Officials: Threat reported at school unfounded

Published 12:50 am Wednesday, February 21, 2018


NATCHEZ — Officials say a threat reported at Natchez High School was unfounded and that the clamor early Tuesday morning was caused in part by a distraught parent.

Adams County Sheriff Travis Patten said the disturbance began when one student threatened another through a group message with several Natchez High School students.

Email newsletter signup

The initial threat made no mention of guns, Patten said, but students began exaggerating the potential risk.

“The word ‘gun’ was never mentioned,” Patten said. “But when one student begins telling a story to another and another, (the story) changes.”

By Tuesday morning, many students had received messages saying the student planned to bring a gun on campus, Patten said.

A parent arrived on campus and pulled her child out of class without checking him out, Patten said, and began saying there was “going to be” an active shooter on campus.

The sheriff’s office was called to the high school at approximately 8:45 a.m. in response to the threat.

More than a dozen police vehicles from the sheriff’s office, Mississippi Highway Patrol and Natchez Police Department arrived on the scene to assess the situation.

Patten said he preferred to “err on the side of caution,” and shut down the school for a full-search.

The threat was determined to be false after approximately an hour and a half of lockdown, and no gun was found on campus.

No students were arrested as a result of the threat, Patten said, and school officials would not say whether or not the students involved would be disciplined.

The time between the initial threat and the all-clear signal, however, was fraught with fear for parents.

Dozens of parents, grandparents and family members waited across Seargent S. Prentiss Drive, some having left their jobs to ensure their student was safe.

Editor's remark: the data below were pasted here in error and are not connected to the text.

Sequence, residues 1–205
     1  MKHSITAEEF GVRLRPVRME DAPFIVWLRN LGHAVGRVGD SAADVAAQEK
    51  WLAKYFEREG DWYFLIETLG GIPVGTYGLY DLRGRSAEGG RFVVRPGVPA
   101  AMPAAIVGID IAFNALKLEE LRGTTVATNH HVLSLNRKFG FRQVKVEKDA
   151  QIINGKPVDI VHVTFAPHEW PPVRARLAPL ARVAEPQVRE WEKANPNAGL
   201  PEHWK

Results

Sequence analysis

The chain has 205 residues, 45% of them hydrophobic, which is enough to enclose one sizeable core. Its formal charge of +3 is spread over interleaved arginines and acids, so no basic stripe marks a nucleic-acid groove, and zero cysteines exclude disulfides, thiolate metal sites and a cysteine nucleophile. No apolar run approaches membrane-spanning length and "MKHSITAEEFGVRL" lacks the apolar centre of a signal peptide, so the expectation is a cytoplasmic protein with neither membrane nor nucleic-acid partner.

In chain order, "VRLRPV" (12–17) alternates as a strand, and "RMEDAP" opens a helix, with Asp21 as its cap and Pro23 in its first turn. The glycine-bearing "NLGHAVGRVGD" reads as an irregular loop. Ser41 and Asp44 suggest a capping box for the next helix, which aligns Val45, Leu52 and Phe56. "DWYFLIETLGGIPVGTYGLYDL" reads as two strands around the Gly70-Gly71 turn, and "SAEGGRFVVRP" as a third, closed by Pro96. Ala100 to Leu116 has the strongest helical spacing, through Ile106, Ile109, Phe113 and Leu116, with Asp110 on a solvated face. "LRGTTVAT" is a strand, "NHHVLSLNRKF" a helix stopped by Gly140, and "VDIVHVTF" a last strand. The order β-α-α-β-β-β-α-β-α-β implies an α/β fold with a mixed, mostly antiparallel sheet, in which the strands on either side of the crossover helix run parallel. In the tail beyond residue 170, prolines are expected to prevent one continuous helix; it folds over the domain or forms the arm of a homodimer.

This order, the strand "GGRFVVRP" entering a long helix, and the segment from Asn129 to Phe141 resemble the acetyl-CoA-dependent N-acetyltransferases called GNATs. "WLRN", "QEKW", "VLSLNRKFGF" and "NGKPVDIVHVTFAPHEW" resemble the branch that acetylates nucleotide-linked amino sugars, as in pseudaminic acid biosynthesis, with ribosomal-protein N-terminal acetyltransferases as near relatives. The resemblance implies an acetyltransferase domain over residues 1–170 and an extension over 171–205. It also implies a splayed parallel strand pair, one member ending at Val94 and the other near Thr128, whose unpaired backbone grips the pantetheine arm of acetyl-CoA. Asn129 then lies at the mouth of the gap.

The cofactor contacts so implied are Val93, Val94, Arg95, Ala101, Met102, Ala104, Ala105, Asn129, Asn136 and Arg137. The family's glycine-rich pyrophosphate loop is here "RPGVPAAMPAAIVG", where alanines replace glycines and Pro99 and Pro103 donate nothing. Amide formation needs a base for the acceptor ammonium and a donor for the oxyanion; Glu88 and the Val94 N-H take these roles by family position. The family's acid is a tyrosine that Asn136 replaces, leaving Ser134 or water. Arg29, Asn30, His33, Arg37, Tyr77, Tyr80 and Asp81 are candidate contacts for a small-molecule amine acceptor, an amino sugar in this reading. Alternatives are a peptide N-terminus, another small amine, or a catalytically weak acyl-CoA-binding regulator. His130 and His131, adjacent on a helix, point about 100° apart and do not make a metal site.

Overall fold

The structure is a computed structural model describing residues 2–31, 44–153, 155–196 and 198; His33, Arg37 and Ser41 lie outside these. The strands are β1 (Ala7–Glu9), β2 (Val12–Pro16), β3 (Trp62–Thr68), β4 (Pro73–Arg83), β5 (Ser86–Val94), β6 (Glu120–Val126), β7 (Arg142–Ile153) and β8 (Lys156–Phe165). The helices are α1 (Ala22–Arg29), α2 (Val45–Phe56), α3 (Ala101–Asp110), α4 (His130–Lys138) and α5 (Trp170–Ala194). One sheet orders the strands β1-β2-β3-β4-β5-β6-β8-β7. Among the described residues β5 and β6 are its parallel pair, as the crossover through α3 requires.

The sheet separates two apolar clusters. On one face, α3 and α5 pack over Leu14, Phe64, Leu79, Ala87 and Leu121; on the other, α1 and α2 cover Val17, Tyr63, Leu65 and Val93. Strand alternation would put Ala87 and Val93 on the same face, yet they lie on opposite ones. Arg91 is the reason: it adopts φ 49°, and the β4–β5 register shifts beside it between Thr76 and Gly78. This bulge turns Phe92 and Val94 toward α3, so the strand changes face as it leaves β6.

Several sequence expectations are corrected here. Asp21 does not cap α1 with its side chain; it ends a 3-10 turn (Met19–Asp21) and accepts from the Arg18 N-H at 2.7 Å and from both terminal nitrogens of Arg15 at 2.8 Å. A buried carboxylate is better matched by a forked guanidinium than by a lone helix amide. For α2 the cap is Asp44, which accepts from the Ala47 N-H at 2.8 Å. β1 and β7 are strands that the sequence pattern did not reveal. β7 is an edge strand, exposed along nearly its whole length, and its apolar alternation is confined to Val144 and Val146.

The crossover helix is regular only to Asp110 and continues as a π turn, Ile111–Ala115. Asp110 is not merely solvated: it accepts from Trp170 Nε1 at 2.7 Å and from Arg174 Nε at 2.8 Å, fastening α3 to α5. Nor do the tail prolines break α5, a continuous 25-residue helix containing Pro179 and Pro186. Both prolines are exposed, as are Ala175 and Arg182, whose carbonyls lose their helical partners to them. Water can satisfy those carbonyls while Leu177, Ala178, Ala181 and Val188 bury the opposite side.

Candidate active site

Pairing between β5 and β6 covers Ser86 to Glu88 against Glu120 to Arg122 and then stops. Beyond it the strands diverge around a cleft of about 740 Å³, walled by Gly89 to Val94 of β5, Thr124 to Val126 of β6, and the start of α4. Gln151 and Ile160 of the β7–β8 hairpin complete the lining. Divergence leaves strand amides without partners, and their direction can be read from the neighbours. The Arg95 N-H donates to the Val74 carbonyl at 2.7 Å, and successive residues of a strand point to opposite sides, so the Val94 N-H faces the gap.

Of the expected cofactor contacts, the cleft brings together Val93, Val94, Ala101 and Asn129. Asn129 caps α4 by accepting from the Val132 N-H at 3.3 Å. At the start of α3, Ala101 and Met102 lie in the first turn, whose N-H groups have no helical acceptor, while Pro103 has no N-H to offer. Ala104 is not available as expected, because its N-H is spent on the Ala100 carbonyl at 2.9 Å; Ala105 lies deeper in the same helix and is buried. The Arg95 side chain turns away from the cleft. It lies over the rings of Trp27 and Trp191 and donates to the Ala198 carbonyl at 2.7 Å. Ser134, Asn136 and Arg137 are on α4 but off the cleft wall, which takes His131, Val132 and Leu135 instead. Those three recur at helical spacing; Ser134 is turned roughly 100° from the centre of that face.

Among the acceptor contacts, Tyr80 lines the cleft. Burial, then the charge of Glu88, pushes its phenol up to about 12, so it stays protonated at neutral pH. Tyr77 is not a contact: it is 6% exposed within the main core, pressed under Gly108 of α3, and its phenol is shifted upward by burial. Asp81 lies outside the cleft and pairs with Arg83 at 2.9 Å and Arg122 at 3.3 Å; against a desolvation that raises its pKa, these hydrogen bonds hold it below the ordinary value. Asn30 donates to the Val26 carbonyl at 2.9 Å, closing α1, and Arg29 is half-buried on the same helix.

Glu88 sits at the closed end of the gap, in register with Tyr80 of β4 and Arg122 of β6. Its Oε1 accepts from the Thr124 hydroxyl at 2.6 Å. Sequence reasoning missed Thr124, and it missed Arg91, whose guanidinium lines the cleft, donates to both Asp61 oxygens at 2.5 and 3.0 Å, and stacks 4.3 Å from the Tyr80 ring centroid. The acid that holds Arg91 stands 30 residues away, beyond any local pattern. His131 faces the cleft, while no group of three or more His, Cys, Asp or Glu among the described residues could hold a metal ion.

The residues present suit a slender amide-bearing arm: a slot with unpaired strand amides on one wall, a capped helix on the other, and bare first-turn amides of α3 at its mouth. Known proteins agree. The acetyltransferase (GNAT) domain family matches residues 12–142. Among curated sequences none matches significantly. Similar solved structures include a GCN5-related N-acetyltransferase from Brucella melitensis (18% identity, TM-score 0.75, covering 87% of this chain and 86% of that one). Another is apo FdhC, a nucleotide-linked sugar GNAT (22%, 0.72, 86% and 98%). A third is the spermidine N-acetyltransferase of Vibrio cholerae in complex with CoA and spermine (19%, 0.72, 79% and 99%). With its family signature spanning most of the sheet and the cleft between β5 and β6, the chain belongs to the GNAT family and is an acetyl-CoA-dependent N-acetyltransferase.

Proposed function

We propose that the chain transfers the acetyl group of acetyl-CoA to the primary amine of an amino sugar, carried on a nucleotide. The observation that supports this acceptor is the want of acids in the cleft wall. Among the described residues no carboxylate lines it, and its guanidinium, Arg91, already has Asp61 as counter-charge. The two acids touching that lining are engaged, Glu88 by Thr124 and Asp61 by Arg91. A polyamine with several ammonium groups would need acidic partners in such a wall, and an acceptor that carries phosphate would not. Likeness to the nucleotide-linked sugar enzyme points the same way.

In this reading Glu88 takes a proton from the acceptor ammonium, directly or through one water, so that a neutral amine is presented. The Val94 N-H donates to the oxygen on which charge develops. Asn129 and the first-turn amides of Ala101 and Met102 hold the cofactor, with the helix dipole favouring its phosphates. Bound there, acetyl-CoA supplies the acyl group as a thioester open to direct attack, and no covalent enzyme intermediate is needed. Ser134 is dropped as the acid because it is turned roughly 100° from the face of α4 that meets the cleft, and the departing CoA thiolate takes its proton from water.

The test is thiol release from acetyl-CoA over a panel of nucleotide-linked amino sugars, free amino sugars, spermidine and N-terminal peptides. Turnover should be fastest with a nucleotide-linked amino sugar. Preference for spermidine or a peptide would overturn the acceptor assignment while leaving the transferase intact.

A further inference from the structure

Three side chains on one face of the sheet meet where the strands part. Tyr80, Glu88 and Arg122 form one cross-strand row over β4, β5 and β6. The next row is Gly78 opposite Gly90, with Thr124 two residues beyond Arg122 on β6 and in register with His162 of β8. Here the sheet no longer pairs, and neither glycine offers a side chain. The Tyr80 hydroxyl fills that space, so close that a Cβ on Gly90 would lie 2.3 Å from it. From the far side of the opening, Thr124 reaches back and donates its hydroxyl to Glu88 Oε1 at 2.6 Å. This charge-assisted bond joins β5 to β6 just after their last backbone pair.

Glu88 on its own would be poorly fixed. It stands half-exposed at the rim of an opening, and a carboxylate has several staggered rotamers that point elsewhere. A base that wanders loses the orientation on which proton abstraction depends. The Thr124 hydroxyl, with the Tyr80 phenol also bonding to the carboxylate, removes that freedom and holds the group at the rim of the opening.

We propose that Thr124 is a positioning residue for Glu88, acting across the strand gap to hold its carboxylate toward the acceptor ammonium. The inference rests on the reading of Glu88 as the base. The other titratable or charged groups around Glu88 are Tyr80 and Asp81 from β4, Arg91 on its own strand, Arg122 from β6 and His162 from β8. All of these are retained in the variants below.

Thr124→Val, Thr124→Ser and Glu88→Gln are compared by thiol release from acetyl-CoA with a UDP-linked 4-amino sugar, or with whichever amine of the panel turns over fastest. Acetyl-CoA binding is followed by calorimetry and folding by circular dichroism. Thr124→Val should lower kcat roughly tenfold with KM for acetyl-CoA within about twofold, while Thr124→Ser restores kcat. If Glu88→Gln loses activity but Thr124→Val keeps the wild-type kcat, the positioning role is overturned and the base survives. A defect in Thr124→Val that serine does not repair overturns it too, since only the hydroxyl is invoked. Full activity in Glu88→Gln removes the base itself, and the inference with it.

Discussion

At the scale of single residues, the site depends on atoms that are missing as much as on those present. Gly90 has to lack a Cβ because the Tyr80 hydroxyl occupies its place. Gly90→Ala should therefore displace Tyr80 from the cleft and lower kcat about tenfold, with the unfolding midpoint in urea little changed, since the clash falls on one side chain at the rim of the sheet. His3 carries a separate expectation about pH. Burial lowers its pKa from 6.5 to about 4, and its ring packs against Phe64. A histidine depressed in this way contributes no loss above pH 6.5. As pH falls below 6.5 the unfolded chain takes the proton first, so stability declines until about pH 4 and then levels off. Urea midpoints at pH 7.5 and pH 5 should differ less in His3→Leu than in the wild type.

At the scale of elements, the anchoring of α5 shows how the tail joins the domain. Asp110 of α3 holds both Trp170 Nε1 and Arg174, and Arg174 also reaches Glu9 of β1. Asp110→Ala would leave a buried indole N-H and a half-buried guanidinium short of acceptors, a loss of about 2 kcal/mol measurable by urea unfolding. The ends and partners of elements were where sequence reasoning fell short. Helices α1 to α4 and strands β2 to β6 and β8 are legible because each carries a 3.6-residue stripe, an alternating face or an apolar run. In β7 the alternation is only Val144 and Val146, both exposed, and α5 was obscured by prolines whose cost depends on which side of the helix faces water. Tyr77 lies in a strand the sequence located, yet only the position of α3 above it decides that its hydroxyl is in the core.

“I didn’t even clock out,” said Angela Cruel, who works at the Glenburnie house. “My son texted me and told me there was an active shooter and I just left. I was praying the whole way over here, not just for my son, but for all the children.”

Less than a week had passed since the school shooting in Parkland, Fla., in which 17 students and staff were killed, and Cruel said the fear of a similar situation was on every parent’s mind.

“That’s what scared me the most — this just happened,” Cruel said. “The fear that just happened in Florida — that could happen here.”

Other parents could not make contact with their children, such as Tiffiney Belton, whose daughter is a senior at Natchez High.

Belton texted her daughter, Taliyah Jane, but had received no response.

“She’s probably scared,” Belton said. “She has kidney problems and this could shake her up. She’s probably shaking.”

Parents and onlookers were detained at the edge of campus; many cars lined the road on both sides of the highway.  Many huddled together in groups, talking amongst themselves and hazarding guesses over what the situation might be.

Other parents were more laconic, walking alone on the roadside and clutching their cell phones.

“We need to know what’s happening,” Belton said.

At approximately 9:30 a.m., the Natchez-Adams School District made an automated call to all parents.

The call said the threat was all clear, and that no weapons had been found at the scene.

Another quarter-hour passed, however, before parents were able to pick up their children.

Superintendent Fred Butcher said though he was primarily just relieved that the incident was unfounded, he learned much from the day.

“We actually just had an active shooter drill not too long ago,” Butcher said. “There was a lot we learned, but this was more of a real-time situation, and we see we have a lot to do.”

Butcher met late Tuesday afternoon with members of the sheriff’s office and police department to discuss the incident and find ways in which both the district and law enforcement could have reacted differently.

Today, Butcher said he plans to meet with members of his staff with a similar mission in mind: Find the weak spots in the district’s response and strengthen them.

“One of the things we found was communication,” Butcher said. “We need to be able to communicate with each other and … inform parents quicker.”

Overall, however, Butcher said he is just glad the students and staff of Natchez High School were not in danger.

“That’s my first concern, you know,” Butcher said. “There’s a lot we learned today, but I’m just thankful everyone is safe.”